Even if you’re a cyclist, you must see that there is a hard-knuckled truth to my words so open your mind and let them in. Society carries on not through the rational will of individuals but because the great barrelling mass of the majority is steeped in some husky pheromone and brazenly ruts behind council refuse bins when dim on Bacardi and sad dreams. Evolution happily coincides with the squirting dash of sperm towards eggs. It’s no more profound than that and for every conscientious couple concerned about world population there are a thousand drunken pricks with immortality on their tips.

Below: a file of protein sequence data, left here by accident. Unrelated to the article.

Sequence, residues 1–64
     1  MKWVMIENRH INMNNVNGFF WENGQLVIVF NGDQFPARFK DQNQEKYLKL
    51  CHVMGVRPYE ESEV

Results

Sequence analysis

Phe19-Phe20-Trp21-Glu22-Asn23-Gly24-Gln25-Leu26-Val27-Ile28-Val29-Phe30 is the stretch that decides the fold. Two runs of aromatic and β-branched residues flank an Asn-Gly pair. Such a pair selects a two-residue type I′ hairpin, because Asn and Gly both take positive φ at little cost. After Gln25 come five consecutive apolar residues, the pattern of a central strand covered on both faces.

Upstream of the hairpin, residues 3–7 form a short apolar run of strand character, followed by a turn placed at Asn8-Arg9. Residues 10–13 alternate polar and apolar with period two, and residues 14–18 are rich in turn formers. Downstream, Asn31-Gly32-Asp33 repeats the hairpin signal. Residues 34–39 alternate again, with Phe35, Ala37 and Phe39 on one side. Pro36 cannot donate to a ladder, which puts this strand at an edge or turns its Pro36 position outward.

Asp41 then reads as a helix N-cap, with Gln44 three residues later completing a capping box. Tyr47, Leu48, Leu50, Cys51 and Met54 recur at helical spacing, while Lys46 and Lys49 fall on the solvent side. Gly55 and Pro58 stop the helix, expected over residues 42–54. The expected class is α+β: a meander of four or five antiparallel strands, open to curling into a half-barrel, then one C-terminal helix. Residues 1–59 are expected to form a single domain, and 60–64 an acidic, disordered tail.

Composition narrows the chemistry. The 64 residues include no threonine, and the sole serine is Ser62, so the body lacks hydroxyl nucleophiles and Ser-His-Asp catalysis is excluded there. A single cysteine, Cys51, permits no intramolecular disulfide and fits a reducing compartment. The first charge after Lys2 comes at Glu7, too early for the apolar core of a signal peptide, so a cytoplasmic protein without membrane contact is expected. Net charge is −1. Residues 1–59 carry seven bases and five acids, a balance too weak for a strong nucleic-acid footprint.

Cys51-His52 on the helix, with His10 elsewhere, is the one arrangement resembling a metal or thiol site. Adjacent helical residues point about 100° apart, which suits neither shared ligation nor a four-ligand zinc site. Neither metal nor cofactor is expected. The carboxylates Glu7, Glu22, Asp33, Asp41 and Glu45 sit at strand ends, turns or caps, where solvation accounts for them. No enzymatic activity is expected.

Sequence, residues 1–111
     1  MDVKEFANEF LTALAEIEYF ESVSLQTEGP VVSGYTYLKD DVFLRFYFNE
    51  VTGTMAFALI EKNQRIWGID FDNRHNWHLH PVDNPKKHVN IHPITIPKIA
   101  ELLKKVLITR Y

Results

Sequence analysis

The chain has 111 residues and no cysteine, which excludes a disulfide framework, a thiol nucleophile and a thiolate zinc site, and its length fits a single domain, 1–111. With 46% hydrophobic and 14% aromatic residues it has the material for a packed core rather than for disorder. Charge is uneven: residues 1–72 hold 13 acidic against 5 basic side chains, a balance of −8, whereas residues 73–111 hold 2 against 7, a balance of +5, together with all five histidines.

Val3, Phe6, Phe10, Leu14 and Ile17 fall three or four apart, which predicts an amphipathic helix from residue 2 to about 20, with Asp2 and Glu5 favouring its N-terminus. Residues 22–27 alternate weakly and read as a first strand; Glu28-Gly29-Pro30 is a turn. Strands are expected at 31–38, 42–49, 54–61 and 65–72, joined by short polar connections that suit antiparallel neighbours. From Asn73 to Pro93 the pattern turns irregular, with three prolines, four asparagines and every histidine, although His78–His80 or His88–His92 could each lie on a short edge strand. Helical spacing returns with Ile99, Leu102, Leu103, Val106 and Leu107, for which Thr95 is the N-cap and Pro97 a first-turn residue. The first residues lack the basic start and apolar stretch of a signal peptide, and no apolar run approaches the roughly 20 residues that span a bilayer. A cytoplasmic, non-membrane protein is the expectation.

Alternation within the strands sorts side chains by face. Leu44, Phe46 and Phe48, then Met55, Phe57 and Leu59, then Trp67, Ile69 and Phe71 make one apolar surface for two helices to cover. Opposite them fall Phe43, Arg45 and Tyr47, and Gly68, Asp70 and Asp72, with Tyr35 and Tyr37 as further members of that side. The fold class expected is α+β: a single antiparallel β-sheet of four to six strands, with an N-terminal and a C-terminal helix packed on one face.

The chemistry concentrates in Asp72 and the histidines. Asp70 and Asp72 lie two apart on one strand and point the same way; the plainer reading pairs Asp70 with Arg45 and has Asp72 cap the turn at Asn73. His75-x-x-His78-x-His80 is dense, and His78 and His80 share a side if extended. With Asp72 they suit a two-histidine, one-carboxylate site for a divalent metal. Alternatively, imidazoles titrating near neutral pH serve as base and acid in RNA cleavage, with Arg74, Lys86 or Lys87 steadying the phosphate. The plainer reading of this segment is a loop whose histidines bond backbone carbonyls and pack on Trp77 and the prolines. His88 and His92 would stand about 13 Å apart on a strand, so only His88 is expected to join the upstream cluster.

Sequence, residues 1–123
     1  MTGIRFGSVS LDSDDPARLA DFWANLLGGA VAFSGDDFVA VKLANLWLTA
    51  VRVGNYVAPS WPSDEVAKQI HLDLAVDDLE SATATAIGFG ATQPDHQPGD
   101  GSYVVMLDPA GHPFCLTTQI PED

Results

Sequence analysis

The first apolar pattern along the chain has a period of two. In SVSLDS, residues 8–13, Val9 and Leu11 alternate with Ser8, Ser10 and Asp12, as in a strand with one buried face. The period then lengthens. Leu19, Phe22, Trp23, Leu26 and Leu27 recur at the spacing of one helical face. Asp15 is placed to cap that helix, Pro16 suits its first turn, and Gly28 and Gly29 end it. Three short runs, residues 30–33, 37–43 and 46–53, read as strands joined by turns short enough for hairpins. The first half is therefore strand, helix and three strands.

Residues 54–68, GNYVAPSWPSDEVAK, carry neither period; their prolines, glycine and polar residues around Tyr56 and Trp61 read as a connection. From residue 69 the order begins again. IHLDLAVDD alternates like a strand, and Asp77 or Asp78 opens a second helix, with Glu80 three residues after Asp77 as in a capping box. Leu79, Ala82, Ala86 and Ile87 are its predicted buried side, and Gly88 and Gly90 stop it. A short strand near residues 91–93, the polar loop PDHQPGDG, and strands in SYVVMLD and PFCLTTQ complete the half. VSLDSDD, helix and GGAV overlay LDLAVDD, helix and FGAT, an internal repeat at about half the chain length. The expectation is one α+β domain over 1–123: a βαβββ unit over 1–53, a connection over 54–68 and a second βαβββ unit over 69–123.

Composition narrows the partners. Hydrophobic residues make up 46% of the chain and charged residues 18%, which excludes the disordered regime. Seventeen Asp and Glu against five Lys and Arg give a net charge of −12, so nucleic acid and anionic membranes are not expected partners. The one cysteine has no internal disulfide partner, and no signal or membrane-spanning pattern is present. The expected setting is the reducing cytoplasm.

Yet all societies eventually neutralise their radical elements. I’m now beginning to see that we cyclists are more radical than most. We try to present a better vision of the world, of communities, and of towns. Yet we’re also immensely disposable since we lack the genetic code for survival. We’re like the dodo birds so friendly to sailors that they never learned to run away even as they were having their necks wrung. Cyclists have a naïve quality. We put ourselves in harm’s way, laying our necks before the heavy vulcanised tread of wiser souls protected by air bags and 4x4 traction. What benefits do consideration, moderation and environmentalism provide for the species other than to weaken it and turn us all into Guardian readers? So I say again, they should just shoot the cyclists. We’re an evolutionary dead end.